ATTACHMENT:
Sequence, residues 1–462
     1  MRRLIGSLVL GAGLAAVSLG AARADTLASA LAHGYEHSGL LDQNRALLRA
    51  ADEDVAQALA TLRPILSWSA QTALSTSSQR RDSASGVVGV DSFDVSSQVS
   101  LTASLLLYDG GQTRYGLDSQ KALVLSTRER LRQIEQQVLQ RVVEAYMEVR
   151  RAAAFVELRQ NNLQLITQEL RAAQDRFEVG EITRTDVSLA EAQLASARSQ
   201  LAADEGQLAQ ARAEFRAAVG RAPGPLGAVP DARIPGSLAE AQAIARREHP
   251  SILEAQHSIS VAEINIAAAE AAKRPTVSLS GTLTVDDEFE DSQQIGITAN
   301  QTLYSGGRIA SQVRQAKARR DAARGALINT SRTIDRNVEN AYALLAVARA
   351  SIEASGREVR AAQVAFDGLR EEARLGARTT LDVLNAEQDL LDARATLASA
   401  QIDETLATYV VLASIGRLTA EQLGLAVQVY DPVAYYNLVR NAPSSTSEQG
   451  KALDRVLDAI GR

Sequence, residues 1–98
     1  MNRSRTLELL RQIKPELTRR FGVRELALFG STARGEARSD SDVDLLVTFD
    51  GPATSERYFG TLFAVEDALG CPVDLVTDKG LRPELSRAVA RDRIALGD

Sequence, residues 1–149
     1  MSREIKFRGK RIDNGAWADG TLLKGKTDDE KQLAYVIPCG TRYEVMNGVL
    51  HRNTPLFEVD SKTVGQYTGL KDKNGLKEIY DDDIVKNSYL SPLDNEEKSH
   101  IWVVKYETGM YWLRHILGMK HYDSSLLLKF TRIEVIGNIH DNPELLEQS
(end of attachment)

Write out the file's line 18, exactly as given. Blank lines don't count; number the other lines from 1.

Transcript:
   101  IWVVKYETGM YWLRHILGMK HYDSSLLLKF TRIEVIGNIH DNPELLEQS